In a lifetime test under a multiplexed driving scheme where electrical pulses were applied to each pixel for a certain period of time, resulting in an initial brightness of the device of 200 cd/m2, a service lifetime of about 140 h was achieved. The sample showed anode shrinkage under multiplexed driving. After 96 h at 80° C. an inhomogeneous electro-luminescence in four rows of pixels was obtained as shown in FIG. 3. The inhomogeneous degradation of the electrolumninescence was not related to the light emitting polymer but to the CTP layer (see Example 3).
FIG. 3. Anode shrinkage of a LED after 96 h service lifetime test at 80° C. under multiplexed driving.
Example 1 was repeated, except that different concentrations of sulfate ions were added to the PEDOT dispersion. To demonstrate that SO4 2− ions are detrimental to lifetime and efficiency of a polyLED, sulfuric acid (H2SO4) was added to PEDOT:
A 100 ml of the PEDOT dispersion of Example 1 has a 4 wt. % solid content, of which about 95 wt. % is PSS. This corresponds to 0.021 mole monomer of PSS in 100 ml of PEDOT.
Respectively, 0.001 mole (=0.096 g=960 ppm SO4 2− per 100 ml) and 0.005 moles (=0.48 g=4800 ppm SO4 2− per 100 ml) of H2SO4 were added to the PEDOT dispersion. The efficiency and lifetime of the devices decreased dramatically as shown in Table 2.
Metal ion sulfates, such as K2SO4, added to the PEDOT dispersion had the same detrimental effect as H2SO4.
Table 2. Efficiency at room temperature and lifetime under DC driving of the light emitting polymer at 80° C., 200 cd/m2 with standard and modified PEDOT. All cathodes and all anodes were connected and a constant current was applied resulting in 200 cd/m2 initial brightness at room temperature.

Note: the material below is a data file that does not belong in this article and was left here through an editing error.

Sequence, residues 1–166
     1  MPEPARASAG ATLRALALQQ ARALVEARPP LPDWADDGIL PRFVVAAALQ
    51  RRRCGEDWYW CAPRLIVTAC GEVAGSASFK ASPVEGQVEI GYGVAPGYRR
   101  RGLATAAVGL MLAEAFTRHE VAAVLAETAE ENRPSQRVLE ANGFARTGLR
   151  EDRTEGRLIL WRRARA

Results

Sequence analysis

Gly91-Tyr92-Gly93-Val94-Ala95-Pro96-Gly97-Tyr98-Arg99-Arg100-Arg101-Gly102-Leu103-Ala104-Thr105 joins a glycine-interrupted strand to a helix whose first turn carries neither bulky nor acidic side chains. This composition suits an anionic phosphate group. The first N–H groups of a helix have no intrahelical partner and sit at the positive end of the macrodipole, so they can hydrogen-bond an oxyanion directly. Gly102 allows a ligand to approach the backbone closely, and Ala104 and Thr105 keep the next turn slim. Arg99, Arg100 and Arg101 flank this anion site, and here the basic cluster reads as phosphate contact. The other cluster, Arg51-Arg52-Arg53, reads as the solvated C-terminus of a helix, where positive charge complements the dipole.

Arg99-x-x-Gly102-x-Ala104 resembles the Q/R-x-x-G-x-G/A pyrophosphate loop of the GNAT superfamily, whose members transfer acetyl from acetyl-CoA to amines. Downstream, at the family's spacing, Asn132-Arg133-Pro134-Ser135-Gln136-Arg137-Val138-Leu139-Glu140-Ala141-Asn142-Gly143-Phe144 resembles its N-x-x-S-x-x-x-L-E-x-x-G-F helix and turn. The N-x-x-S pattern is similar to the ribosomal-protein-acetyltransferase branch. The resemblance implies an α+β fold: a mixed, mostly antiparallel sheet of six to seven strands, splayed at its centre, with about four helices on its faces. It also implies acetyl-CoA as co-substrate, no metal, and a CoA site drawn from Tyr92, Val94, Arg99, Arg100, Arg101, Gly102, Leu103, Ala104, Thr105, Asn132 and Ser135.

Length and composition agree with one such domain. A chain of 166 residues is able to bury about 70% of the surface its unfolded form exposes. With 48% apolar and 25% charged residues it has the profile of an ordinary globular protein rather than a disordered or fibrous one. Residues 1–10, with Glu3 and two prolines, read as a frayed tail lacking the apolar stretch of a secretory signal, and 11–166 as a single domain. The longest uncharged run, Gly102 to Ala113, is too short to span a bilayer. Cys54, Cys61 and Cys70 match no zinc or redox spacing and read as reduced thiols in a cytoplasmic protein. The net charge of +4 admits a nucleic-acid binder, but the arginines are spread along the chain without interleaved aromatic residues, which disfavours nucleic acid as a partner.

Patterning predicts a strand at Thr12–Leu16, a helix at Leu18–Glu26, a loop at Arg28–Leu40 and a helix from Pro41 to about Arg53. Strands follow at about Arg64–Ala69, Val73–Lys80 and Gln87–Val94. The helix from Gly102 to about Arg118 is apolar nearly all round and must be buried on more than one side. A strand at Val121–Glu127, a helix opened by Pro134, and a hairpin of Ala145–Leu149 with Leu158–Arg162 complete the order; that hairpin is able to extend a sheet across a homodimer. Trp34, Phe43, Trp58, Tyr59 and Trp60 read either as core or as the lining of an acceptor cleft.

Example 1 was repeated, except that NaCl was added to the PEDOT dispersion to prevent anode shrinkage as presented in FIG. 4, to give 0.022 mmoles/g of sodium in the dispersion. The material as used in Example 1 showed an inhomogeneous electroluminescence in four rows of pixels already after 24 h at 80° C. under multiplexed driving, whereas the matrix display in addition containing 0.022 mmoles/g of sodium did not give anode shrinkage after 24 h.
Example 1 was repeated, except that NaCl was added to the PEDOT dispersion to give 0.088 mmoles/g of sodium in the dispersion. After 96 h service lifetime test under a multiplexed driving scheme, the matrix display showed no anode shrinkage.
The examples hereinabove illustrate that the amount of sodium in a charge transport polymer (CTP) layer for use in an organic LED may have a significant effect on the extent of anode shrinkage observed in accelerated service life tests in which the LED is driven in a multiplexed driving scheme. The light emitting polymer used is these examples is a PPV.
Similar results are obtained for polyfluorenes as light emitting polymer. In a specific example of a LED comprising a red emitting polyfluorene and a CTP layer comprising about 0.25 mmol/g Na, no anode shrinkage is observed in a lifetime test performed at 80° C. for 600 h. By comparison, if the same CTP layer is used but without sodium severe anode shrinkage is observed. Identical results are obtained if the red-emitting polyfluorene is replaced with a green-emitting polyfluorene: no shrinkage in the sodium-containing CTP layer severe shrinkage if the CTP layer is sodium free.
The lifetime of a LED comprising a PPV as the light emitting polymer is somewhat but not severely affected by the amount of sodium present in the CTP layer. As a typical example, if the lifetime of a PPV LED having a PEDOT CTP layer comprising 0.003 mmol/g Na is 77 h, the lifetime of a LED which is identical in all aspects except that the CTP layer comprises 1 mmol/g Na increases to 111 h.
However, polyfluorenes show a more complex effect of amount of sodium on lifetime as illustrated in the table below.
In the table 2 the second column indicates the concentration of Na in the CTP layer, column 3 the efficiency of the LED in terms of the luminance L at the beginning of the service life test and the last column indicates the lifetime of the LED when stressed the service life test being a DC service life test at a constant current density of 6.25 mA/cm2. A similar result is expected under multiplexed conditions. Surprisingly, contrary to common belief, the table 2 shows that although the efficiency at the beginning of the service life test steadily increases as the amount of sodium is lowered, the lifetime does not follow the same trend and shows an optimum at about 0.15 mmol/g Na.